With a background as a flight attendant, Terri Tatum’s current career as an esthetician might not have been the obvious choice, but it’s one she’s glad she made. “I’ve always loved helping people feel better about themselves,” she says. And as a consultant in the Renewal Room at Soft Surroundings, she does that every day. We asked her for insights on how to look and feel your best.
What is your favorite tip to give your clients about their makeup?
The makeup will look good if you have good skin care. You always should apply it with brushes, and use minerals that are good for the skin. Also, as we get older, less is more for eye color. We don’t need as much eyeliner and mascara as we did in our 20s and 30s.
Are primers necessary?
They’re very important. It’s like when you paint: you want to smooth the canvas and prepare for the finish. They also help foundation last longer, and help the moisturizer stay in the skin. Make sure to get one that is non-comedogenic, so that it won’t clog pores.
How do you determine where to place color?
Remember that lighter colors will bring things forward, and darker colors are for contouring, they make things recede. One palette I like to use is Jane Iredale’s Rose Down, which has four colors. Put a highlighting color on your cheekbone and a little on your nose, it’s very simple and it will give you a dewy fresh glow.
Another mistake people tend to make is the way they try to conceal puffiness under the eyes. Only use concealer where it’s dark under the eye, because otherwise you’re going to make it stand out more. A lot of people don’t really have dark circles, they just have puffiness. To combat that, find a product with caffeine and limit your salt intake.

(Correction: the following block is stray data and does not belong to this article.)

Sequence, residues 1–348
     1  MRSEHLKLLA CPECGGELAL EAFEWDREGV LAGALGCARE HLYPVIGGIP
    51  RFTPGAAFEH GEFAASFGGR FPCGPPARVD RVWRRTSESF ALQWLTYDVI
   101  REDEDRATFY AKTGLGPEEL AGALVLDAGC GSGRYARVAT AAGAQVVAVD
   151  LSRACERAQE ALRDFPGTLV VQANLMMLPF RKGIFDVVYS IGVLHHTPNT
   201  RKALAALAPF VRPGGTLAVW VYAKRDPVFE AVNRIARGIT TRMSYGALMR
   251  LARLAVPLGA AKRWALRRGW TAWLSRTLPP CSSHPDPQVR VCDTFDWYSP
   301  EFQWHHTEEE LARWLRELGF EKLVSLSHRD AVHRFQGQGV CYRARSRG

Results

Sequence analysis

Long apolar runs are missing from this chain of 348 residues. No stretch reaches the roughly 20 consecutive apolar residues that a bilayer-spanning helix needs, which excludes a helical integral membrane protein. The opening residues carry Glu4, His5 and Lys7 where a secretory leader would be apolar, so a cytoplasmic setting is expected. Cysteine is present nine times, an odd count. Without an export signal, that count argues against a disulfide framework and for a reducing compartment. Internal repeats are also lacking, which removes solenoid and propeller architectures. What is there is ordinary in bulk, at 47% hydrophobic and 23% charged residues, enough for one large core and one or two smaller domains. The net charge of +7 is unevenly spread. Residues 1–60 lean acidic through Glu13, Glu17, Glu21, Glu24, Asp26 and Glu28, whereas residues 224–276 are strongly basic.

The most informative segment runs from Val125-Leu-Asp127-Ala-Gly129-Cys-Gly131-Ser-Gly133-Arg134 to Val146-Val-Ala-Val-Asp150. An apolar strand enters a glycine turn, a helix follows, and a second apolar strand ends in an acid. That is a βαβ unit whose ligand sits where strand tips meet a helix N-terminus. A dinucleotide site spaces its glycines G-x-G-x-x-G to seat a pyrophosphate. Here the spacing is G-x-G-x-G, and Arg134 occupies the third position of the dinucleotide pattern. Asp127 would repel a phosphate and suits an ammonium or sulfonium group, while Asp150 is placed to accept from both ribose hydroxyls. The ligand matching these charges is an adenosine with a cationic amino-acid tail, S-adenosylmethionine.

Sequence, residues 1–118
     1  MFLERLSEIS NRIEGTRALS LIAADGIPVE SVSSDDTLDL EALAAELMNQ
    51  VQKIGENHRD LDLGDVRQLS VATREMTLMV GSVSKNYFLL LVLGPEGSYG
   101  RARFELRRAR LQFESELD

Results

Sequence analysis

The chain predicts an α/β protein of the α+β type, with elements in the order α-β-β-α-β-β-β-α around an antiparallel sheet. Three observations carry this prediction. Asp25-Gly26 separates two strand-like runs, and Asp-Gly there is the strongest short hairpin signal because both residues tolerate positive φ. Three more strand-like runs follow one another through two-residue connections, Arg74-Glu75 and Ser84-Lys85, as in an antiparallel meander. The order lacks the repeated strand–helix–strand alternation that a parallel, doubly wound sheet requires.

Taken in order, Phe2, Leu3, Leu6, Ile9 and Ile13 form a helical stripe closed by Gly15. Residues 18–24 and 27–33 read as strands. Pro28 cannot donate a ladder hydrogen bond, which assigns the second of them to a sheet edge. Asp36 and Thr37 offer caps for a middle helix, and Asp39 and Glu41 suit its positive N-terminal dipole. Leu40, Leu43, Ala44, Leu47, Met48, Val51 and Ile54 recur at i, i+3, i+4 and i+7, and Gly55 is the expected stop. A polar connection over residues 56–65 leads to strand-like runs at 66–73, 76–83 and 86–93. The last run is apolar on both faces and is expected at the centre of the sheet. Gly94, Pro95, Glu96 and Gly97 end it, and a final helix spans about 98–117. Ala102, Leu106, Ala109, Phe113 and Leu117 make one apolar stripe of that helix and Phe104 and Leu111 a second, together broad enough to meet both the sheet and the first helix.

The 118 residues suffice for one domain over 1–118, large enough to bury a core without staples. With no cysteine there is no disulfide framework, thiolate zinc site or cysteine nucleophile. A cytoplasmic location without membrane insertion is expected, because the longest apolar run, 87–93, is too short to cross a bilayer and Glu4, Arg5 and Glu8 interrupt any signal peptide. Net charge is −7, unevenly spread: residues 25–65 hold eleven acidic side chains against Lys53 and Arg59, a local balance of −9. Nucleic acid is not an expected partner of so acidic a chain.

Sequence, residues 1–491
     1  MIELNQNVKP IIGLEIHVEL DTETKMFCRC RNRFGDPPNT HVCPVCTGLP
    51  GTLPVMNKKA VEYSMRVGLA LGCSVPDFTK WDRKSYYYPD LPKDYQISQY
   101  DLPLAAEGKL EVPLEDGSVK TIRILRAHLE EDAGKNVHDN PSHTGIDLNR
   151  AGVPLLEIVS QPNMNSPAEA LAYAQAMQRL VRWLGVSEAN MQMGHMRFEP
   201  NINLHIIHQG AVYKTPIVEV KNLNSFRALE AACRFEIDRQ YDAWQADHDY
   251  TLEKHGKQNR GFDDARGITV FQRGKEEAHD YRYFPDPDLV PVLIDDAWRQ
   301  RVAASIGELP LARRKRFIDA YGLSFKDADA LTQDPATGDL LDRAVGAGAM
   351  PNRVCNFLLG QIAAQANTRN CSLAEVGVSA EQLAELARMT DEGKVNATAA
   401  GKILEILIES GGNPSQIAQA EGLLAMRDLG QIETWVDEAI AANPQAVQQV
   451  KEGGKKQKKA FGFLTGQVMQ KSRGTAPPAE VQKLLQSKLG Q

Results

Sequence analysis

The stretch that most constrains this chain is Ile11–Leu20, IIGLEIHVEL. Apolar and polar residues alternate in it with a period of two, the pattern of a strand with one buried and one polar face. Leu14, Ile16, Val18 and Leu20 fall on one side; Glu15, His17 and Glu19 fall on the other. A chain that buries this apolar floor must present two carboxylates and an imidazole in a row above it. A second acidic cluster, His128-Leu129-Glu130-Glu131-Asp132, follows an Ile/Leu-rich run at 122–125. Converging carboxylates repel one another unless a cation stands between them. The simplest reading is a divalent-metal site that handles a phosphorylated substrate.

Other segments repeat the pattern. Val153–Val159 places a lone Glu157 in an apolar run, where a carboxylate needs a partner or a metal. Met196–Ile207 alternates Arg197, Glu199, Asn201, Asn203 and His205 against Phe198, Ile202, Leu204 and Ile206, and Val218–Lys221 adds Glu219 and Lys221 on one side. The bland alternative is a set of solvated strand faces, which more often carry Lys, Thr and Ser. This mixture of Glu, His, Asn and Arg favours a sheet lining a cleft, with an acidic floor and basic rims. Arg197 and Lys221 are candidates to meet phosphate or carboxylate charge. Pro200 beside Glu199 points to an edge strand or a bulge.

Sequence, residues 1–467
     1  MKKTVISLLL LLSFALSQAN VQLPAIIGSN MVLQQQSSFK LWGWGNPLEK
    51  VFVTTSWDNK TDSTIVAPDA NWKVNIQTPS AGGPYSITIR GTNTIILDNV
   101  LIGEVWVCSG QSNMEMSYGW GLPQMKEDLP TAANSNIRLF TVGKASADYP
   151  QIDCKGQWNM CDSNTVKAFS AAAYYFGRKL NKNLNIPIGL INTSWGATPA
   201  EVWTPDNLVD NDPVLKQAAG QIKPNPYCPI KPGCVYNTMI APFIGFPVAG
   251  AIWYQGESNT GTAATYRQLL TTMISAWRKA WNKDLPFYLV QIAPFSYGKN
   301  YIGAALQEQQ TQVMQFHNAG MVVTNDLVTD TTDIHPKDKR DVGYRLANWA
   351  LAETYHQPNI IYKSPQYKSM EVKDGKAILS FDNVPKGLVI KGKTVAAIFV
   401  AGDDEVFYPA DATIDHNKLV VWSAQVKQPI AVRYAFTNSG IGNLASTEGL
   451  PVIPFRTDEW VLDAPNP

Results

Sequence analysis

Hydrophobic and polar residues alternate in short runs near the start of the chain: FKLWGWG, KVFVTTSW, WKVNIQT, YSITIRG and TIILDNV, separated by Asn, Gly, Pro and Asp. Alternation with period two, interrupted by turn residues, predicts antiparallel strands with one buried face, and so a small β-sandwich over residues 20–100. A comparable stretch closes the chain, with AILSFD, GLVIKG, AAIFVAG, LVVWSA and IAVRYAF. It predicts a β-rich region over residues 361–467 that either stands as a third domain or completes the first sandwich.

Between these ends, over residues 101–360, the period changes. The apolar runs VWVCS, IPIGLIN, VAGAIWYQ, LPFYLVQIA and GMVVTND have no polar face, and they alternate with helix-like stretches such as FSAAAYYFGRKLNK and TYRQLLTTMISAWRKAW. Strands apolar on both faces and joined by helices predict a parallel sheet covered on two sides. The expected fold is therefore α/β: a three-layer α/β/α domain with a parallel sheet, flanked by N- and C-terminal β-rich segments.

What are some of the elements of a good skin care routine?
The most common problem people have is dry skin. The first thing I always ask them is, What are you doing at night? That’s the most important time to wash and then use a good moisturizer while the skin is still damp. You might want to use one that incorporates hyaluronic acid, which is a natural moisture binder that holds up to 1,000 times its weight in water. In the morning, you don’t even need to wash, just splash some water on, use your toner and moisturize. A lot of people over-wash—that protective barrier is on our skin for a reason.
If the skin is feeling tight or looks thirsty, then the flaws show up more. Especially as you age, it’s almost like you can’t overdo hydration, you always want to add moisture. Drinking a lot of water and getting enough sleep also make a difference.
What type of exfoliation do you recommend?
There are two types of exfoliation: manual scrubbing and chemical exfoliants. In the Renewal Room, we offer a 30 percent glycolic scrub. It loosens the glue that holds onto dead cells, and gets the cellular turnover going. It’s also OK to use manual scrubs, as long as you remember that you’re trying to move them across the skin and not rubbing them into the skin. You don’t want to have any inflammation, because any time your skin is red that means you’re causing trauma. And always remember to wear sunscreen, because otherwise you’re sabotaging this brand new layer of skin that’s extra-sensitive.
Can even people with sensitive skin use exfoliators?
There’s a difference between sensitive skin and sensitized skin. When our skin is sensitized, it’s because we’ve subjected it to so many bad things that the defenses are gone. People have sensitive skin for a lot of different reasons, but most people with sensitive skin can benefit, as well. They might need to do less exfoliating though, or gradually work up to it.